Marine Conservation Biology Institute Marine Conservation Biology Institute
Marine Conservation Biology Institute

Shifting Gears: Addressing the Collateral Impacts of Fishing Methods in US Waters

shifting gears
Relative severity of fishing gear classes 0 = least severe and 100 = most severe. Numbers in parentheses are impact scores. The impact score for midwater trawls also represents that for purse seines and hook-and-line.

There is broad recognition that overexploitation of targeted fish species threatens marine biodiversity and fisheries in the USA and elsewhere, but there has been far less recognition in the regulatory and conservation advocacy communities of the "collateral damage" caused by the various types of gear that commercial fishermen use.

Aside from possible overfishing, there are two kinds of collateral damage from fishing, namely "bycatch" (the killing of nontarget species caught by fishing gear) and "habitat damage" (physical disturbance that kills seafloor life that is not retained in fishing gear).

Some fisheries, such as trolling for salmon and harpooning swordfish, are selective, causing virtually no bycatch or habitat damage. Other gears are nonselective. Shrimp trawls bury or crush nontarget invertebrates and fishes, and pelagic longlines drown large numbers of sea turtles and seabirds.

The fact that Fishery Management Councils do not discriminate among fishing gears ranging from environmentally "clean" to devastating is bad policy because it puts potentially sustainable fisheries at the mercy of methods that undercut sustainability.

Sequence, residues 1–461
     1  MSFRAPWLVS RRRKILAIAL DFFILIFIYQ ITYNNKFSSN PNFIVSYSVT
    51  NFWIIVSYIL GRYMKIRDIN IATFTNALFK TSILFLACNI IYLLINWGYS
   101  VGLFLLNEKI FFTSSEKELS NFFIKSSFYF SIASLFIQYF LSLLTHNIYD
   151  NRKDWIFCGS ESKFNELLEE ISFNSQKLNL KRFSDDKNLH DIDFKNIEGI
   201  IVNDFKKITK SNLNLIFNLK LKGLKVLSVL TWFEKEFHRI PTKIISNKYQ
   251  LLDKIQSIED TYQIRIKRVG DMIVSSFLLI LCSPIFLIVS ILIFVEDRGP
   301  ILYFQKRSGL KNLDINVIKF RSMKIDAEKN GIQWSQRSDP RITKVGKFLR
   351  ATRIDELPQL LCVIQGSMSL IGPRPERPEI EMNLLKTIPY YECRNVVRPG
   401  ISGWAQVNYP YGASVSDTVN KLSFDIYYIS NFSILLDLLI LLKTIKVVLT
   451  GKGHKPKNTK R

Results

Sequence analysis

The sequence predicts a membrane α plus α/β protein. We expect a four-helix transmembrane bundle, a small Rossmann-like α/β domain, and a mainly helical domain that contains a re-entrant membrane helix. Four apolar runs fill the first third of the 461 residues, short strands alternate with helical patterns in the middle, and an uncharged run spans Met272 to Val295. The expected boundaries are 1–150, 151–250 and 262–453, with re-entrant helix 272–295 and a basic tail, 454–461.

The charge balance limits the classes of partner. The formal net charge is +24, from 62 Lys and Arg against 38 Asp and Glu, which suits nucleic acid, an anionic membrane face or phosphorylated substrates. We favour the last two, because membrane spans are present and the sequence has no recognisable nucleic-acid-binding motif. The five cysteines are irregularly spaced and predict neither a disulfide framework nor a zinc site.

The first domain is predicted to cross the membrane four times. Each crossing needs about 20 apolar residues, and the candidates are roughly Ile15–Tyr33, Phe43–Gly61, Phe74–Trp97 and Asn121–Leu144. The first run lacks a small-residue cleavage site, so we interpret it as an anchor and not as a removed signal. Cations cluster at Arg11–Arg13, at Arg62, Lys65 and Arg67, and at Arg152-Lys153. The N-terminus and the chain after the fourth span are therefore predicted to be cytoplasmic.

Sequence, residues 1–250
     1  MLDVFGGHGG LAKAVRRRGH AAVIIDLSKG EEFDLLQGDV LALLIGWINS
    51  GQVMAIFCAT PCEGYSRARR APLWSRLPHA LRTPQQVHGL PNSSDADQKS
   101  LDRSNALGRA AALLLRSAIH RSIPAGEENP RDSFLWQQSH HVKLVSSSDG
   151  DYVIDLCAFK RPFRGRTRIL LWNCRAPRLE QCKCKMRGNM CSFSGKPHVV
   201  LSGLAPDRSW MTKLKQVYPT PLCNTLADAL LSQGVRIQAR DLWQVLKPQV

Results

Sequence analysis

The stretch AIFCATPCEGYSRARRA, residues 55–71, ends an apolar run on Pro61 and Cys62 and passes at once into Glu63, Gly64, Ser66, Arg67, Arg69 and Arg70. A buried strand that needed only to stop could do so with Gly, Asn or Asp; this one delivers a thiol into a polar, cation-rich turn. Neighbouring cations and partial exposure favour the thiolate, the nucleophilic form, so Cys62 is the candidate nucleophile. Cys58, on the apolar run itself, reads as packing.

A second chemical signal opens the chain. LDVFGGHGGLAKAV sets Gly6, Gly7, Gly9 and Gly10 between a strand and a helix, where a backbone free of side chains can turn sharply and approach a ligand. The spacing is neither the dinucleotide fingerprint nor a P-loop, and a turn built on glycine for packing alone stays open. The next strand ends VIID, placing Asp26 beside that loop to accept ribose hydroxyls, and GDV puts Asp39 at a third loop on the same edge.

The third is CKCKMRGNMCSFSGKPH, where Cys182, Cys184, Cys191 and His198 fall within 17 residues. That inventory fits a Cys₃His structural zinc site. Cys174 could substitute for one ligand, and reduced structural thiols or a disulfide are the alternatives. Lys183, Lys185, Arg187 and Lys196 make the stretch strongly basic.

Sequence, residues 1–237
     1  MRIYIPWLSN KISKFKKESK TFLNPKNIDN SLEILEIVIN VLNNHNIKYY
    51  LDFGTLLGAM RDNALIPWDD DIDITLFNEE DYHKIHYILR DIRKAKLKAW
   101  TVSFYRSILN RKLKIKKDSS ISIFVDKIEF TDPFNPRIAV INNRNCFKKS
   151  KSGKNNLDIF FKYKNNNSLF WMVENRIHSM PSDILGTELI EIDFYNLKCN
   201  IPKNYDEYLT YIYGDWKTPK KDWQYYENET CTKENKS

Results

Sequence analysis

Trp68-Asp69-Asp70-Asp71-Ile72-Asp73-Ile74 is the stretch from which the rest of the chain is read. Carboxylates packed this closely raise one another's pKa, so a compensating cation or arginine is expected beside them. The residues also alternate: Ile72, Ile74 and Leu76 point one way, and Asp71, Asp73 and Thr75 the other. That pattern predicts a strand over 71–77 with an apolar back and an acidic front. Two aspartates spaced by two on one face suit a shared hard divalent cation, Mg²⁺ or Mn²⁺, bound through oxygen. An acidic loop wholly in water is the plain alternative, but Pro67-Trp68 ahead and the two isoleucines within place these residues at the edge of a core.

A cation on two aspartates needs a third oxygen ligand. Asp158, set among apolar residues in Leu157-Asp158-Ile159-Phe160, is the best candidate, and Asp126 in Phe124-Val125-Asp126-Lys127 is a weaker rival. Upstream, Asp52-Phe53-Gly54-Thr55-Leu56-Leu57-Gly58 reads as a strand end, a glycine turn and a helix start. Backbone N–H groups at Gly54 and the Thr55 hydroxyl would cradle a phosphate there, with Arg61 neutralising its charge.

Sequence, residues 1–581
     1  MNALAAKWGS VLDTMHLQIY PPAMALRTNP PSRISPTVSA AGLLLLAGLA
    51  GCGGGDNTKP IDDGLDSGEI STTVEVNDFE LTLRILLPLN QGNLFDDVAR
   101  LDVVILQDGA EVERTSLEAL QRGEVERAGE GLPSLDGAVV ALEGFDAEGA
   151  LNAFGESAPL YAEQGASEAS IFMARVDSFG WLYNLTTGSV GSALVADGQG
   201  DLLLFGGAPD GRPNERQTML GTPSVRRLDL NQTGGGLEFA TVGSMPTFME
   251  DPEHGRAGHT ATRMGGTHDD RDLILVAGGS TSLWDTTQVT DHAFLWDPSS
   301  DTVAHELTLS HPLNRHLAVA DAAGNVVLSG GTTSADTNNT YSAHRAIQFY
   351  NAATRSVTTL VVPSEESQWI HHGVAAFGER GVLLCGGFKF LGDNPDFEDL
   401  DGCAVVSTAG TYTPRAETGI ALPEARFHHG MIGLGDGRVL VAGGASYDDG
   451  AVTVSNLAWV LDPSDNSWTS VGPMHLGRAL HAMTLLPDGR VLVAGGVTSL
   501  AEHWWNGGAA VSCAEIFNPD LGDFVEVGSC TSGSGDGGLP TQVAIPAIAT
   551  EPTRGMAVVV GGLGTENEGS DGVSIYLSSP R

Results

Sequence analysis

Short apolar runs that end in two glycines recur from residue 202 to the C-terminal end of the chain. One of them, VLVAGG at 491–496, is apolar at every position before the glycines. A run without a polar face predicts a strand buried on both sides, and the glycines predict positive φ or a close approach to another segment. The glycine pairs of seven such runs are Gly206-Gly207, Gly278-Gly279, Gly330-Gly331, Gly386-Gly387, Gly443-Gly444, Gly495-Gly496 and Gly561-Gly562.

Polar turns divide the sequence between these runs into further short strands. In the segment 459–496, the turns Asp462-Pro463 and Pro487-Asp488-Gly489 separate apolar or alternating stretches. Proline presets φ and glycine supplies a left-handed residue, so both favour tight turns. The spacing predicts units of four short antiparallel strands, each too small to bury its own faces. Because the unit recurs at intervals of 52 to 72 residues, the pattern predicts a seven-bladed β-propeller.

In view of growing evidence that habitat damage from fishing gear contributes to the decline in biodiversity and fisheries, there is a pressing need to broaden the national debate to examine all impacts of fishing on marine species and ecosystems.

MCBI addresses this issue of how fishing gears affect biodiversity and fisheries by producing a rigorously researched, scientifically credible report on the impacts of various types of commercial fishing gears used in US waters. This study, titled "Shifting Gears: Addressing the Collateral Impacts of Fishing Methods in US Waters," shows remarkable consensus among fishermen, regulators, scientists and conservationists, who seldom share the same point of view on fishing matters. There was consistent agreement about which fishing gears are the most and least harmful to marine resources. Bottom trawls, dredges, bottom gillnets and midwater gillnets were considered to have a relatively "high" ecological impact, while midwater trawls, purse seines and hook-and-line gear were considered to have a "low" impact on the marine environment. The impacts of longlines and pots and traps were rated as relatively "moderate."


Download the Shifting Gears report [4 MB PDF] and its executive summary [PDF]. Also see the following related articles:




Download the "Shifting Gears" report in full text [4 MB PDF] and its executive summary [PDF]

Download the "Shifting Gears" paper [PDF] published in the journal "Frontiers in Ecology and the Environment"